Regular Exercise Reduces Colorectal Cancer Risk in Patients with Lynch Syndrome: Study

Regular Exercise Reduces Colorectal Cancer Risk in Patients with Lynch Syndrome: Study

Regular and intense aerobic exercise has been found to decrease the risk of colorectal cancer in individuals with Lynch Syndrome (LS), a hereditary condition that predisposes individuals to the disease. According to researchers at The University of Texas MD Anderson Cancer Center, engaging in high-intensity training (HIIT) can improve the immune system’s ability to identify and eliminate potentially harmful cells, leading to a reduction in colorectal cancer risk.

The study, published in Clinical Cancer Research, followed 21 LS patients over a 12-month period. Eleven patients were assigned to an exercise group, while 10 received usual care. The exercise group participated in three 45-minute HIIT cycling sessions per week, while the usual care group received information about the benefits of physical activity.

The findings revealed that LS carriers in the exercise group experienced a decrease in the inflammatory marker prostaglandin E2 (PGE2) in both the colon and blood. Additionally, higher levels of natural killer (NK) cells and CD8+ T cells, two types of immune cells, were observed in the colon, suggesting an enhanced immune response.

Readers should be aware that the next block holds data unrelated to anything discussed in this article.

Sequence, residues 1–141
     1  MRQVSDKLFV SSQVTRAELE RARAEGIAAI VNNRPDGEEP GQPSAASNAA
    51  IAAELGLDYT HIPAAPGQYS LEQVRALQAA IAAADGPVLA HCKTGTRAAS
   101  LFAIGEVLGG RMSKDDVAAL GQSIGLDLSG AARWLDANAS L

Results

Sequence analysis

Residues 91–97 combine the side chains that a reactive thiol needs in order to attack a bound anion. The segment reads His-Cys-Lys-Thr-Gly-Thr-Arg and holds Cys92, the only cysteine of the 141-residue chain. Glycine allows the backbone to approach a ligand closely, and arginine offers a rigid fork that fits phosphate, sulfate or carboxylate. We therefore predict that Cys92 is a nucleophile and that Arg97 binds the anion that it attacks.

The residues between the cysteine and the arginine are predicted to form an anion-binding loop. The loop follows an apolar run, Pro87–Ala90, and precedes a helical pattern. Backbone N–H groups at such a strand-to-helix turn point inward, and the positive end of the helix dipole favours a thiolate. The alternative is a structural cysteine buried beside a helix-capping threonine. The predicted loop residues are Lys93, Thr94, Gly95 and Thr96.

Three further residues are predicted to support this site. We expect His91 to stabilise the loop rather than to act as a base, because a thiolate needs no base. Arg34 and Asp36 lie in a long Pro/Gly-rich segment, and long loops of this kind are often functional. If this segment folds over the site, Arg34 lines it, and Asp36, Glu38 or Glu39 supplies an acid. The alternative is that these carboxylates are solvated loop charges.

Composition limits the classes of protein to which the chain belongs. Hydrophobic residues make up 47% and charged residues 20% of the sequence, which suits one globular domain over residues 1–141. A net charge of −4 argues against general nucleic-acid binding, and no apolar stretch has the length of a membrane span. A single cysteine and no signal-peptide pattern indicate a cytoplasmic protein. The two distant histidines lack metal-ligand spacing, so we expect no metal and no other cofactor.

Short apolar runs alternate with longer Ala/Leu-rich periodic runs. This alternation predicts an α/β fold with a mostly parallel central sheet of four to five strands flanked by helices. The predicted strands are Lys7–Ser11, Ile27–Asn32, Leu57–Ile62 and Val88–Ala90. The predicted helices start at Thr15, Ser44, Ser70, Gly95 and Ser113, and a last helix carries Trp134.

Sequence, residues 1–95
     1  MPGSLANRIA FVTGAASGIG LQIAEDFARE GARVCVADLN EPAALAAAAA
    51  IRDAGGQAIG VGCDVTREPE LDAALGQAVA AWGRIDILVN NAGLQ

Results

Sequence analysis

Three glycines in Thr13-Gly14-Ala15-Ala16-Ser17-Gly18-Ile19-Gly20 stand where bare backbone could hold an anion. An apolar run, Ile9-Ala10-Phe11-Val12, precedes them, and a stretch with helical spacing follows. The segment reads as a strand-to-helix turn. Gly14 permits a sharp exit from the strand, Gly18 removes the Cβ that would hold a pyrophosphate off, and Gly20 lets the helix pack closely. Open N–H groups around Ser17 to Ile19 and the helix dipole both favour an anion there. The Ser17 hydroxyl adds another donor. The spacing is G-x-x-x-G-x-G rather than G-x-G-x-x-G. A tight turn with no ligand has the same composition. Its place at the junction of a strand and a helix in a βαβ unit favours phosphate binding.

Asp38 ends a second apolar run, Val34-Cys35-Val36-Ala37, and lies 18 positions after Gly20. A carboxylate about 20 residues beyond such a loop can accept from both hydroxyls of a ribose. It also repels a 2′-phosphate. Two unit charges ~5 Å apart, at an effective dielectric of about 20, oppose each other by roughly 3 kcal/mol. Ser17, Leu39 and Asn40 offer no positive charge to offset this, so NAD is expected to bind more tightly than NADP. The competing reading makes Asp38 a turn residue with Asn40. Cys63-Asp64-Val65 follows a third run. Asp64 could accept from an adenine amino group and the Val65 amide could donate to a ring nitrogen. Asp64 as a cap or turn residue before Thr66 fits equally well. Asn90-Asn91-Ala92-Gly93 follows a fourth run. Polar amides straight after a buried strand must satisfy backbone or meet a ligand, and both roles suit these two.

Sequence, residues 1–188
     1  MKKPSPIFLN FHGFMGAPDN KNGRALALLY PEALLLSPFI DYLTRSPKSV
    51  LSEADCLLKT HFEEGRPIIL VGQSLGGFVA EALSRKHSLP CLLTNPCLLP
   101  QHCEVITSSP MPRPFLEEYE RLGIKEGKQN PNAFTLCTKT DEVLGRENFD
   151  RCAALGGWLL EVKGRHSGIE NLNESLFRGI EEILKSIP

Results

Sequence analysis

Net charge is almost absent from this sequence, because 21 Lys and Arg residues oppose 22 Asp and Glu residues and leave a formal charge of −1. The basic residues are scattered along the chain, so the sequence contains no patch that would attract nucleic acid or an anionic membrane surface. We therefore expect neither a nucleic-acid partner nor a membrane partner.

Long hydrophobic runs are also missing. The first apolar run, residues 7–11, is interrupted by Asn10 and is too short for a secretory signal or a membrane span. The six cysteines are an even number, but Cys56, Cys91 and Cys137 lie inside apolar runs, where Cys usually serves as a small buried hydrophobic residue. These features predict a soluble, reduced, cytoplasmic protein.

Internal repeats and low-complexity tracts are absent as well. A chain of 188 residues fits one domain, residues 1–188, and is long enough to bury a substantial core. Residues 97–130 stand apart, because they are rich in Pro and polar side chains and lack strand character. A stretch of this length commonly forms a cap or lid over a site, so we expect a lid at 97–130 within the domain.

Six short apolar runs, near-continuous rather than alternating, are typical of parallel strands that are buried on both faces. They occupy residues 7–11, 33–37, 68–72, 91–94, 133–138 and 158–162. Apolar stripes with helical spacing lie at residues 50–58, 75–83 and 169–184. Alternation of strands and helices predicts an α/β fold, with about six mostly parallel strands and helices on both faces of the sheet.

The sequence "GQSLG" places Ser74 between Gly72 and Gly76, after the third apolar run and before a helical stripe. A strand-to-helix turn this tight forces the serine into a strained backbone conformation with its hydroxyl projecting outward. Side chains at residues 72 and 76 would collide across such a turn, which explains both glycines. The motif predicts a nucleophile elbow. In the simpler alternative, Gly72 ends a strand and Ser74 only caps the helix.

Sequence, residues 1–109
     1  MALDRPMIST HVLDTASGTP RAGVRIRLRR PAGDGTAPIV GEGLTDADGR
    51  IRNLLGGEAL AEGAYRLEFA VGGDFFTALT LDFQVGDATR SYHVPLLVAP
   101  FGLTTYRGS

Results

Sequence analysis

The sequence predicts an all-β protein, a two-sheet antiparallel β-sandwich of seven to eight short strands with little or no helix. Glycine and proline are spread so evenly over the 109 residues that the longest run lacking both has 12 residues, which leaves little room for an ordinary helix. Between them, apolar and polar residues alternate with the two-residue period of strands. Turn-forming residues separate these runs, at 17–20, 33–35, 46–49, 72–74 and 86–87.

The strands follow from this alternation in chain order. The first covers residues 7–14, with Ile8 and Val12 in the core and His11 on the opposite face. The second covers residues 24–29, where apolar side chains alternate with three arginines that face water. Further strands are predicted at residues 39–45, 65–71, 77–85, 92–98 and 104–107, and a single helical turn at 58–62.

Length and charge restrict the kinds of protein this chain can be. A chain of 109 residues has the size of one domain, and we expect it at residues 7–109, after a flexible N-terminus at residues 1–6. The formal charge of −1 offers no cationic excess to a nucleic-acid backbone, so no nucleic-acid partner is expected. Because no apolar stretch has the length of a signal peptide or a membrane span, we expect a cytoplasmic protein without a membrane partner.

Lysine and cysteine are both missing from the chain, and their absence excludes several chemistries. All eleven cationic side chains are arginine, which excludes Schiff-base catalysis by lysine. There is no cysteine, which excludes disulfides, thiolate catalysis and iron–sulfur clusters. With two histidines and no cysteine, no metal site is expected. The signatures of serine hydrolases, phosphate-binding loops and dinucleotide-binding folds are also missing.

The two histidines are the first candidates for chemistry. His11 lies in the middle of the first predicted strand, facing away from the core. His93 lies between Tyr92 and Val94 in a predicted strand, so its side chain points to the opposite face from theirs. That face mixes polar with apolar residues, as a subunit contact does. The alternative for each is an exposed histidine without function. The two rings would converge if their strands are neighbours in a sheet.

The study also found that exercise led to changes in gene activity in the normal colorectal mucosa. Activated genes were involved in immune signaling pathways, while suppressed genes were linked to muscle contraction and metabolism.

Furthermore, increased oxygen consumption during exercise stimulated the production of myokines and cytokines, which assist in regulating the immune system. Exercise was also associated with lower PGE2 levels and an increase in certain immune cells that play a crucial role in defending against cancer.

The researchers hope that these findings can lead to the development of a “lifestyle prescription” for LS patients, offering them a non-pharmacological approach to reducing their cancer risk over time.

While the study has certain limitations, such as a small sample size and a non-randomized design, further randomized clinical trials will be necessary to confirm the preventive efficacy of aerobic exercise training in LS carriers and explore the underlying immune-related pathways.

– Deng, N., et al. (2023) Exercise Training Reduces the Inflammatory Response and Promotes Intestinal Mucosa-associated Immunity in Lynch Syndrome. Clinical Cancer Research.
– Duncan Family Institute for Cancer Prevention and Risk Assessment, the T. Boone Pickens Fund, the National Cancer Institute (CA016672, P50 CA221707), and MD Anderson’s Moon Shots Program®.
– Vilar-Sanchez, M.D., Ph.D., study lead, professor of Clinical Cancer Prevention.


– University of Texas M. D. Anderson Cancer Center
– Clinical Cancer Research.

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